Sanders is down by over 250 pledged delegates in the Democratic primaries with not many states left before the primaries are over, so the hopes of many Sanders supporters are turning to the FBI’s Clinton investigation, which could transform the presidential race. (The New York Times, 5/27/2016)

May 27, 2016—May 29, 2016: Democratic presidential candidate Sanders rethinks his refusal to criticize Clinton over her email scandal.

Cenk Uygur of The Young Turks, interviews Bernie Sanders on May 27, 2016. (Credit: The Young Turks)

Cenk Uygur of The Young Turks, interviews Bernie Sanders on May 27, 2016. (Credit: The Young Turks)

Bernie Sanders is asked if the new State Department inspector general’s report has caused him to rethink his refusal to engage on the issue of Clinton’s email scandal. “It has,” he replies. (Bloomberg News, 5/28/2016)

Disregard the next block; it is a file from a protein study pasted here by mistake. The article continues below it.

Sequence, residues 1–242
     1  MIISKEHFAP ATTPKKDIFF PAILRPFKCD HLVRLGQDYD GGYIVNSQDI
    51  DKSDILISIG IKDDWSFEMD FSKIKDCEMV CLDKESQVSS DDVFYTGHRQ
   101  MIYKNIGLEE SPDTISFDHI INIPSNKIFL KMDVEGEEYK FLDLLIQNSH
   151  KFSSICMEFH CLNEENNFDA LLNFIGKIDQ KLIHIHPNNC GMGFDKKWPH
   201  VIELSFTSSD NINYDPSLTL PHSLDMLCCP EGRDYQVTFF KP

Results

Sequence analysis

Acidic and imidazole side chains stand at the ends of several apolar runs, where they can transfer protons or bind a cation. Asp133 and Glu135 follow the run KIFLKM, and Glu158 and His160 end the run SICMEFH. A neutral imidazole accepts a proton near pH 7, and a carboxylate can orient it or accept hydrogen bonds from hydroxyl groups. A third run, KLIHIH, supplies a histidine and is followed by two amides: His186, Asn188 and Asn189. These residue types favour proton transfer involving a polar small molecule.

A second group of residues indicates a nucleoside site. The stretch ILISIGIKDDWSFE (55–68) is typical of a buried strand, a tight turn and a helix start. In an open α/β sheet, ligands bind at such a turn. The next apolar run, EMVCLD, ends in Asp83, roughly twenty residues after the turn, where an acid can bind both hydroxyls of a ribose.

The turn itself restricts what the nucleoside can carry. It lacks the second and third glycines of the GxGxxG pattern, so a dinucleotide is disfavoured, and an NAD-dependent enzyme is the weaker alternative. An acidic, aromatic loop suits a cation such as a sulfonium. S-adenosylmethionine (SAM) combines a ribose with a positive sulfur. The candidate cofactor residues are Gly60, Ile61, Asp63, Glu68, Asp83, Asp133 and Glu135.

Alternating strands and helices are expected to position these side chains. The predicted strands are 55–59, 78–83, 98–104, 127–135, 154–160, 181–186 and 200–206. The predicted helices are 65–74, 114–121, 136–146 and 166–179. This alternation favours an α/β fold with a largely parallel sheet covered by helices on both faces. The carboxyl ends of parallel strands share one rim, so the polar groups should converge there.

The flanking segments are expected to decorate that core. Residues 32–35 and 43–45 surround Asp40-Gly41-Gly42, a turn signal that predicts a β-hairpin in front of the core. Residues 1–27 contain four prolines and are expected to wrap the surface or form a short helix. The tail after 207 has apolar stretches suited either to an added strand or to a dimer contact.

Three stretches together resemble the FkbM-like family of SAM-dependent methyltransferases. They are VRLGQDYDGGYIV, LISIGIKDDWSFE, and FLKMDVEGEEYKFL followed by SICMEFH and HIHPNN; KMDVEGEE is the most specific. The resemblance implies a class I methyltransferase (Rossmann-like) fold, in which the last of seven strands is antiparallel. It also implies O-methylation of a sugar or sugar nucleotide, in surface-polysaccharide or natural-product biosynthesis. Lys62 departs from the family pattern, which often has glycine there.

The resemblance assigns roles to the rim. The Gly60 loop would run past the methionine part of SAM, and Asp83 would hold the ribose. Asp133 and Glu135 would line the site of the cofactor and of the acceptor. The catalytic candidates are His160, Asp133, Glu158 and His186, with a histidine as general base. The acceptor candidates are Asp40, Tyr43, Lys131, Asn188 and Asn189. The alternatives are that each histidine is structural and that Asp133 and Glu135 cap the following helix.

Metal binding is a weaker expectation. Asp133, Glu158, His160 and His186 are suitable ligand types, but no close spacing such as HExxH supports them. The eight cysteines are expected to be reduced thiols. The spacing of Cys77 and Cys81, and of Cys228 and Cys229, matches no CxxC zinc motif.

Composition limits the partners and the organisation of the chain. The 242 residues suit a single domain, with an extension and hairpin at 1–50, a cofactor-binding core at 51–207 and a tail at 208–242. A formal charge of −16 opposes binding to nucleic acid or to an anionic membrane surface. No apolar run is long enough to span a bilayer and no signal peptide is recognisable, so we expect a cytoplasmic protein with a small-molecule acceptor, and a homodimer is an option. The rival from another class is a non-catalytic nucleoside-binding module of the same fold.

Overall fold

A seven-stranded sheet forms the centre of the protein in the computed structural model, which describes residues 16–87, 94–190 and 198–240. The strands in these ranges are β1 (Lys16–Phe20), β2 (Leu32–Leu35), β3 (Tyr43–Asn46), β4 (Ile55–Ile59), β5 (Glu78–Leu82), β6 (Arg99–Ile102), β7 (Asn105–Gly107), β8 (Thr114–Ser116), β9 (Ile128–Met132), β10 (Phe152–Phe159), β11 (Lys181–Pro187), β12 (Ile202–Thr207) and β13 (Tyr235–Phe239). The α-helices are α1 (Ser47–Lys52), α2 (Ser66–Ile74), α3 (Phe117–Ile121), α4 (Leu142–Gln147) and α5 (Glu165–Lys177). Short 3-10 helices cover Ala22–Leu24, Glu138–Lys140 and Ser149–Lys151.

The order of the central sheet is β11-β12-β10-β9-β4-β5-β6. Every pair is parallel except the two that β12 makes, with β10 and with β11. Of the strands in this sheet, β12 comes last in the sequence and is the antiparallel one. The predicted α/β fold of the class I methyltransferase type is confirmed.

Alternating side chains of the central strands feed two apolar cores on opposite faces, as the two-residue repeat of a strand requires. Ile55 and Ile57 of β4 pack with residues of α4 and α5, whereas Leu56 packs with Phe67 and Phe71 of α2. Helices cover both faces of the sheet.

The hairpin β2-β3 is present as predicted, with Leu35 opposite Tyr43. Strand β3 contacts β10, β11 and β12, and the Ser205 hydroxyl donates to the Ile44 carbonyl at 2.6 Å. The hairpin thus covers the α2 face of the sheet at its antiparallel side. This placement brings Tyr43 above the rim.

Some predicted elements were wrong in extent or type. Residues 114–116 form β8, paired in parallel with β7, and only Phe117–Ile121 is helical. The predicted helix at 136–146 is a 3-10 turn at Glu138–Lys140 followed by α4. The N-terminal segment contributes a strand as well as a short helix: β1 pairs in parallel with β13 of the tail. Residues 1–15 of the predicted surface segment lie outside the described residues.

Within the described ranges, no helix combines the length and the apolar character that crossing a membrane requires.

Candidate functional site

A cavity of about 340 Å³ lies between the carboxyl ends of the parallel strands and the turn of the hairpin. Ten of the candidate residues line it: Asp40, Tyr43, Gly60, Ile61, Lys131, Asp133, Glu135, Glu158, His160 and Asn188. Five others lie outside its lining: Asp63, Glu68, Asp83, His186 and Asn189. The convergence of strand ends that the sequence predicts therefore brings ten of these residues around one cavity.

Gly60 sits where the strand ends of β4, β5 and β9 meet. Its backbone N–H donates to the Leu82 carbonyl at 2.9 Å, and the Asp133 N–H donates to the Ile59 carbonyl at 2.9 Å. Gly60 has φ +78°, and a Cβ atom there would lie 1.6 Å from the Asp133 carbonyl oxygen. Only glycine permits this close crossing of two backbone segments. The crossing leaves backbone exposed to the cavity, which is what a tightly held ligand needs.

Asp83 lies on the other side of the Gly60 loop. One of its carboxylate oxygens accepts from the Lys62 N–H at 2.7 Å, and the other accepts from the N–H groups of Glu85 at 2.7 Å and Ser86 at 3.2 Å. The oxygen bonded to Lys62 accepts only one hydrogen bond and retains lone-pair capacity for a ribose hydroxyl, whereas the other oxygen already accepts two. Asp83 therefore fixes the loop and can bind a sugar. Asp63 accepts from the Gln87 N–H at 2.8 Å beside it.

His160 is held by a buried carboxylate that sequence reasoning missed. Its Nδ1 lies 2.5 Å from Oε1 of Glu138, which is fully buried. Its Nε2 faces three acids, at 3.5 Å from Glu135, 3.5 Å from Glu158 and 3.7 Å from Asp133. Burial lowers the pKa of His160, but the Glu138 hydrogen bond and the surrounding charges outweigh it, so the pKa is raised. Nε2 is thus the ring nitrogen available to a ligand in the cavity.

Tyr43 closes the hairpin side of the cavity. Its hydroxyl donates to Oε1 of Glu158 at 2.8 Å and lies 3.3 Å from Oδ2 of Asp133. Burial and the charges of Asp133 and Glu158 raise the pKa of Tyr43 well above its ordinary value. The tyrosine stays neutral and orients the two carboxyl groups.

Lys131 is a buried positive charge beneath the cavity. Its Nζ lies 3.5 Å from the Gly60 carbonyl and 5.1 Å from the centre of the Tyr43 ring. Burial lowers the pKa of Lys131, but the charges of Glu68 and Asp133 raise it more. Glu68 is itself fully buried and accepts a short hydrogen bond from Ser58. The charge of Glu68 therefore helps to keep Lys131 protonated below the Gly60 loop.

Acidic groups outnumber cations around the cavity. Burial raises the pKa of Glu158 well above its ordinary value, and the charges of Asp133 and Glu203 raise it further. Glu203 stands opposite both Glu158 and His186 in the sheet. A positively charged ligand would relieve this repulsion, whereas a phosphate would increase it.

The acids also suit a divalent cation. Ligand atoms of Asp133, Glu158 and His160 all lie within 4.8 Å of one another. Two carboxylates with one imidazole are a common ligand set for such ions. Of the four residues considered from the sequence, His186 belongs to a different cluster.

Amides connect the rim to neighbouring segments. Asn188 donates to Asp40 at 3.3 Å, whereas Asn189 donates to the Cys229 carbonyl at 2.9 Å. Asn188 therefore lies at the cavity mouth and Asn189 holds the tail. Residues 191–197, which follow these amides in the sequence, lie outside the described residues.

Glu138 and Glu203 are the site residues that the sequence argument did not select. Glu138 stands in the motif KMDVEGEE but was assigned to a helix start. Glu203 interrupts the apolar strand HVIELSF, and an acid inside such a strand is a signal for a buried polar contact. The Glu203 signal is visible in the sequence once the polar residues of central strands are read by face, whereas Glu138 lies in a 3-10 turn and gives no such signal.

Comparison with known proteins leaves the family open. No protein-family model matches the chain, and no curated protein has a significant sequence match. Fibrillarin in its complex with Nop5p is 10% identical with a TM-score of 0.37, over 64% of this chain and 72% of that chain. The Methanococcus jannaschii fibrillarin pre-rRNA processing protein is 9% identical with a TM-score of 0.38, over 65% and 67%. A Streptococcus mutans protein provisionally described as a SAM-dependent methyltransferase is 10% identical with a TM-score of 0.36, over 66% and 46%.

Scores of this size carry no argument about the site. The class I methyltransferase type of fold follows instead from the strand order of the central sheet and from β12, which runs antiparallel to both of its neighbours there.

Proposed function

Two days later, he adds, “The inspector general just came out with a report, it was not a good report for Secretary Clinton. That is something that the American people, Democrats, and delegates are going to have to take a hard look at.”

He also says that when it comes to superdelegates and the report, “They will be keeping it in mind. I don’t have to tell them that. I mean, everybody in America is keeping it in mind, and certainly the superdelegates are.” (CBS News, 5/29/2016)

June 10, 2016: President Obama officially endorses Clinton in her presidential race.

President Obama endorses Clinton for president on June 10, 2016. (Credit: CNN)

President Obama endorses Clinton for president on June 10, 2016. (Credit: CNN)